Clouds are tricky things. It’s hard to tell where the foundations of a cloud reside. You could point at the physical infrastructure. Some of the best side-channel attacks target hardware. There is the operating system that runs everything. And there is the middleware, billing, hypervisors, drivers and web front ends. The potential attack surface of a cloud service provider (CSP) or consumption market platform is gigantic.
The internet of things is even worse.
Building in the trailer park
In part I of this series, I wrote about how a “cloud” project I worked on a few years ago went sideways. Of course, CSPs build their platforms on a master plan. Like a planned community, it is architected down to the minutest detail, and a phased rollout of services are thought out and integrated with their identity management suites. They protect the management plane through layers of proxied services, and deploy open source or open security architecture security technologies.
Unfortunately, IoT devices have none of this. Of course, since the clouds they are connected to are consumption-based they meet some of the basic requirements. But protecting the management plane is impossible because it exists on the same network that people are passing their data through.
Simply put, there is no separation of the data and management planes. Which is a problem.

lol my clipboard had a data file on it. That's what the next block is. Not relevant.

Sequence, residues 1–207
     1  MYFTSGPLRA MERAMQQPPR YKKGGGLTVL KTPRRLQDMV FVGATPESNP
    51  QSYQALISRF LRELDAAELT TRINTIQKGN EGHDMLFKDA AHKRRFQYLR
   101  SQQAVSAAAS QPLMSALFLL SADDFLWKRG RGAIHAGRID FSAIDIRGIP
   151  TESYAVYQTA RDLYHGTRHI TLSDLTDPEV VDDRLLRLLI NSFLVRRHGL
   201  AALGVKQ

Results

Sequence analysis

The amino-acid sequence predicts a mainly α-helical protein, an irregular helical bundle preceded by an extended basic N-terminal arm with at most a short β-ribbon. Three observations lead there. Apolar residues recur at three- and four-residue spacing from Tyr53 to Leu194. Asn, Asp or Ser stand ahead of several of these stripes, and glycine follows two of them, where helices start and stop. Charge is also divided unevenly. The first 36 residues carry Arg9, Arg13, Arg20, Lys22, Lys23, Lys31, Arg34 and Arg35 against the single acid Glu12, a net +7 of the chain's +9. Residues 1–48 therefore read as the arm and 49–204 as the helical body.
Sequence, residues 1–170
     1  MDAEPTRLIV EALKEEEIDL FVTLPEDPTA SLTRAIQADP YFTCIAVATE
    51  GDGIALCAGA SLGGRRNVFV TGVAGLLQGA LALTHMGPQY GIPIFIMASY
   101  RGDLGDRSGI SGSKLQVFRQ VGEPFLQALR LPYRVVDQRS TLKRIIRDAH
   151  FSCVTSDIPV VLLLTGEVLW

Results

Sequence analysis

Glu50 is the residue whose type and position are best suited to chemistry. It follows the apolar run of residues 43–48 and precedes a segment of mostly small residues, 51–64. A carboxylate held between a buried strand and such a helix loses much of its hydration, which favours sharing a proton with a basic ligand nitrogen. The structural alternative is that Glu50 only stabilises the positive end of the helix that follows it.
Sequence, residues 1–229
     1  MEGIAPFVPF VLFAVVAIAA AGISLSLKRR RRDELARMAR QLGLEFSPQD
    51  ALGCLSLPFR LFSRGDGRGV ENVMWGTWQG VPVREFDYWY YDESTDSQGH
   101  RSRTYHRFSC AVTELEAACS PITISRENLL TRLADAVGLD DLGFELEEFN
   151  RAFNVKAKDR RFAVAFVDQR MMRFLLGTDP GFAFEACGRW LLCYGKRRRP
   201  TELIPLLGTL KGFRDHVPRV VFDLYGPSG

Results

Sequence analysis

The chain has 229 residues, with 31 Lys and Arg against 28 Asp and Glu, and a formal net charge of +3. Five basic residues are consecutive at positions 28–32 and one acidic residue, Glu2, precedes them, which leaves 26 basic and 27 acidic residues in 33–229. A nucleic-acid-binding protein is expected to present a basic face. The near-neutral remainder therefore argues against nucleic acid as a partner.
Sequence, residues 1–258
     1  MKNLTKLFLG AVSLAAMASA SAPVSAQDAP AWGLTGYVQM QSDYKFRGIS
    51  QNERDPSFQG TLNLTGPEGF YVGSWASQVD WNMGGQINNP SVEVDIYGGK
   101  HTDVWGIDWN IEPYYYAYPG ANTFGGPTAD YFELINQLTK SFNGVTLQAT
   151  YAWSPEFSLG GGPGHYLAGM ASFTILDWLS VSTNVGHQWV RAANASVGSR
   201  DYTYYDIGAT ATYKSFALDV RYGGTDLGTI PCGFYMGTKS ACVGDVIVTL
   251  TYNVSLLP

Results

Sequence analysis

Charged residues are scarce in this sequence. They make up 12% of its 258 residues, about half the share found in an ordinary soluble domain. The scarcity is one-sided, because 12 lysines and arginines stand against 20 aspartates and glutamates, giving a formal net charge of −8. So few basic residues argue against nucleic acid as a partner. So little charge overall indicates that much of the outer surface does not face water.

That’s because cameras, home routers, wireless access points, DVRs and a myriad of locks, thermostats and lighting mechanisms are all accessible through the same connection you browse YouTube through. I call that “building in the trailer park.”
I understand that there is a need for inexpensive automation and services at home. Just like some people need inexpensive housing with convenient access to the city, with the ability to move the building if necessary.
There is nothing necessarily wrong with that. The problem is that tornadoes seem to be especially adept at finding trailer parks.
What can stop a tornado?
I’m writing the last of this blog as we prepare for a tropical storm to hit the South Coast. There are details and preparations and plans that need to be made to defend even a well-made home in a neighborhood of well-made and cared-for properties. Then there is the care and feeding of the occupants that needs to be planned for. The analogy between trying to protect a home network designed around a vulnerable architecture and defending a dwelling that is measured in single and double widths seems appropriate.
Finding an alternative way to mitigate IoT security issues continues to elude most manufacturers. The home firewall market, for example, is its own worst enemy. The code they use is old, unpatched and often contains more holes than the cheese found in Western Europe. There is no concept of separating IoT devices from the computers on the network, for example, which ought to be a fundamental procedure. Modern CSPs separate tenants, and even many functions and applications. But the comingling of the public cloud with the IoT cloud is a huge gamble. When combined, they make up something that has the potential destructive capabilities of a really bad storm cell over the Great Plains.
It is not dividing by zero as much as it is multiplying by zero.